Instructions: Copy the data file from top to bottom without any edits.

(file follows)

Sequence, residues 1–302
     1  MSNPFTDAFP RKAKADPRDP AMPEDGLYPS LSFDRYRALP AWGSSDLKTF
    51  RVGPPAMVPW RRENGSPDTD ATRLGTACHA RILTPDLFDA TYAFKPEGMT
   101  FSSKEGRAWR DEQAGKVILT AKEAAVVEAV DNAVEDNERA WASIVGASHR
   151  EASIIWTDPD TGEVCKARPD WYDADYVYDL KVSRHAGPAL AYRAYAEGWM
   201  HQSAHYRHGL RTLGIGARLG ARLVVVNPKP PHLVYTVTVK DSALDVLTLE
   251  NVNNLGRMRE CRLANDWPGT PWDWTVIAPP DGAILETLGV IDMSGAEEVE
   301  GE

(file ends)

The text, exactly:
Sequence, residues 1–302
     1  MSNPFTDAFP RKAKADPRDP AMPEDGLYPS LSFDRYRALP AWGSSDLKTF
    51  RVGPPAMVPW RRENGSPDTD ATRLGTACHA RILTPDLFDA TYAFKPEGMT
   101  FSSKEGRAWR DEQAGKVILT AKEAAVVEAV DNAVEDNERA WASIVGASHR
   151  EASIIWTDPD TGEVCKARPD WYDADYVYDL KVSRHAGPAL AYRAYAEGWM
   201  HQSAHYRHGL RTLGIGARLG ARLVVVNPKP PHLVYTVTVK DSALDVLTLE
   251  NVNNLGRMRE CRLANDWPGT PWDWTVIAPP DGAILETLGV IDMSGAEEVE
   301  GE